Do I really want to wade into a battle over words? NPR's Morning Edition purported to have such a battle over the words folks use to describe the Israeli occupation of Palestine -- but the battle was between "settlement" and "neighborhood." I must have missed the part where "settlement" was a bad word, but since Israeli Prime Minister Netanyahu wants to use the word "neighborhood," now they can question the friendship of anyone who uses the word "settlement." Needless to say, NPR didn't have anyone on who would call the "neighborhoods" or "settlements" by a more realistic name, like "colonies." Israel is actually breaking international law by colonizing Gaza and the West Bank, because they captured these territories in war -- and if they annexed the land, they'd be breaking international law, too. It really looks as though the "liberal" media plans to forget how unnerved they were earlier this year at Israel's behavior in Palestine. Hence FAIR helps you tell NPR's Morning Edition to include some critics of the Israeli occupation in their little semantic discussions.
Meanwhile, the USDA will soon mull the meaning of another word: "organic." Actually, the specific words they'll mull over are "excluded methods," as in food production methods you can't use and still call your food products "organic." For over two decades the USDA has excluded "(m)ethods used to genetically modify organisms or influents their growth and development by means that are not possible under natural conditions or processes." Sounds fairly all-inclusive, doesn't it? But what if you've grown a product organically from a genetically-modified seed? Then your "organic" food really isn't. And these days food technologies have multiplied, such that you might well find genetically-modified vitamins in otherwise "organic" foods. But it just so happens that the National Organics Standards Board will meet at the end of October to debate this very topic; hence the Organic Consumers Association helps you tell the NOSB to preserve the meaning of the word "organic" by excluding both methods and products of non-organic food production from its definition.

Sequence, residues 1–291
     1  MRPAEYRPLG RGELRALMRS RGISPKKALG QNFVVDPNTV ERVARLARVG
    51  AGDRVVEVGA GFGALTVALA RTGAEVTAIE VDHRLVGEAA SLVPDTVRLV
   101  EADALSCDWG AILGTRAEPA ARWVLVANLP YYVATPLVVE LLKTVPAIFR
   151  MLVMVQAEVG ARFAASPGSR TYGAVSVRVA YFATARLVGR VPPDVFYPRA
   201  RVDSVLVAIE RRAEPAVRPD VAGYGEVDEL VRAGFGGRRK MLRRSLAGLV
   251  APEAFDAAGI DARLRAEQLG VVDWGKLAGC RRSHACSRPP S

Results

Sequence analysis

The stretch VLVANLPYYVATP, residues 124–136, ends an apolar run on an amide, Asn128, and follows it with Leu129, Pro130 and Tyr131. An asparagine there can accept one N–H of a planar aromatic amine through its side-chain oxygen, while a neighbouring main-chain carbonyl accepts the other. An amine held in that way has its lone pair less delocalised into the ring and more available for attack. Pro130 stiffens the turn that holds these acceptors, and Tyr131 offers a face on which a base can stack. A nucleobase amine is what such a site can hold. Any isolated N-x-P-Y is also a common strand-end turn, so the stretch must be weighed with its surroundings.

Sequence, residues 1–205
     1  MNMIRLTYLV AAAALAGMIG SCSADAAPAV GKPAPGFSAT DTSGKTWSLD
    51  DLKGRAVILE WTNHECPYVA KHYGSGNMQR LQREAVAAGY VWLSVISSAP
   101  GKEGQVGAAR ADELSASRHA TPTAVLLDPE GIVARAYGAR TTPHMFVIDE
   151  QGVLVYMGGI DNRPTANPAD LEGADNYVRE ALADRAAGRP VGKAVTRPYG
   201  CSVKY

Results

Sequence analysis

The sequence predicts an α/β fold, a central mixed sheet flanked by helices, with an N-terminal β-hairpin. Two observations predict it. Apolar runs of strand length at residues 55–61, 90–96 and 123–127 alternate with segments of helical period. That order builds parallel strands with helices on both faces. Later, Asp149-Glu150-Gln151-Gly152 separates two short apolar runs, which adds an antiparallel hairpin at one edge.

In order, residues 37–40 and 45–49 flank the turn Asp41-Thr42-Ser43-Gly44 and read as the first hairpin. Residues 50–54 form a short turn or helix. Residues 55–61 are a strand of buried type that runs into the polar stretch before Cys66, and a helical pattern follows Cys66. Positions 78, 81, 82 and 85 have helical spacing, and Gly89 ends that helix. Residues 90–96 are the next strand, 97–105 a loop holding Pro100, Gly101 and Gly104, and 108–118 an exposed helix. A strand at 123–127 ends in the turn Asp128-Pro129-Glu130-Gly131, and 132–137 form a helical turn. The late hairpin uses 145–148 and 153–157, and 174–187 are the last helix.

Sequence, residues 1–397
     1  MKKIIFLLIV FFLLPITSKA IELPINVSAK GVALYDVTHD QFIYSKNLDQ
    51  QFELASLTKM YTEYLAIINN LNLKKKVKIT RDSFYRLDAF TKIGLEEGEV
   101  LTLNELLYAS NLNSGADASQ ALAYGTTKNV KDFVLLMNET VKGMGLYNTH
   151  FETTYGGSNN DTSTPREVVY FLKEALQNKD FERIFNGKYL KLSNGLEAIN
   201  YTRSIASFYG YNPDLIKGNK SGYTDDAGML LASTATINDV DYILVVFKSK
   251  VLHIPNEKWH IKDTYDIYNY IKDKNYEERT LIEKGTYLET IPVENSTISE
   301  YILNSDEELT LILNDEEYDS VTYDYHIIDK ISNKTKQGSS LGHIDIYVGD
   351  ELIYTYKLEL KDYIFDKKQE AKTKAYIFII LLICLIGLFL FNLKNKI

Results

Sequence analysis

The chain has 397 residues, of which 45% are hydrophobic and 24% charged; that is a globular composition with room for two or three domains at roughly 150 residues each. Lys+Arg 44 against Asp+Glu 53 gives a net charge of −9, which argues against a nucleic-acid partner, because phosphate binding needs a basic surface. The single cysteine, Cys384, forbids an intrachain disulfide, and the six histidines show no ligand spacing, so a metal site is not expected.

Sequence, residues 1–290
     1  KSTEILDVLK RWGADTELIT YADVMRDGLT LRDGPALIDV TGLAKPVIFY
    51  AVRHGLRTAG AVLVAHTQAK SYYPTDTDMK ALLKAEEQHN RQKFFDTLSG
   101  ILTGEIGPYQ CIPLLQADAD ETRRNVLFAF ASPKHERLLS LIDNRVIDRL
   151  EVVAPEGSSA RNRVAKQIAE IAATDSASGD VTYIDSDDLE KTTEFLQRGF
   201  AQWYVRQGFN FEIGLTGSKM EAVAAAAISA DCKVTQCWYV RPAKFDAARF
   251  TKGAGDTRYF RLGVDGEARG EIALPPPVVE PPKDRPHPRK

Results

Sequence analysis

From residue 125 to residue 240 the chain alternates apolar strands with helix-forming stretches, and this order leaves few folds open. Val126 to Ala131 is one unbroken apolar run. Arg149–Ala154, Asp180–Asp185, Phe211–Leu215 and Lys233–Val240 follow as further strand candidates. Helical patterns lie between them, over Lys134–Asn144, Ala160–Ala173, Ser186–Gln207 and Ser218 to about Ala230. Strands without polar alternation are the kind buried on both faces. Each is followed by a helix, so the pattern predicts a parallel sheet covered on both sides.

Finally, if you've missed previous opportunities to tell your Congressfolk to support the Family and Medical Insurance Leave Act, or FAMILY Act, then CREDO still helps you do that. America is approximately the last developed nation on Earth that doesn't mandate that employers offer paid sick leave to their workers, and that's not the way I want to celebrate how special and unique America is. The way I want to celebrate it? That when we see something's wrong, we fix it. The paid sick leave movement has made some strides in America these past few years, but aside from the state of California (which passed a paid sick leave law a few weeks ago) these strides have come mostly at the municipal level -- and some states have hurried to pass laws actually restricting localities from passing paid sick leave laws. Which is very conservative of them, isn't it, utterly failing to trust the smallest unit of government to govern best? And those right-wingers who squeal BUT WHATZ ABOUTZ TEH SMALL BIZNIZZIZ!!!! might want to listen to small businesses a little more about paid sick leave.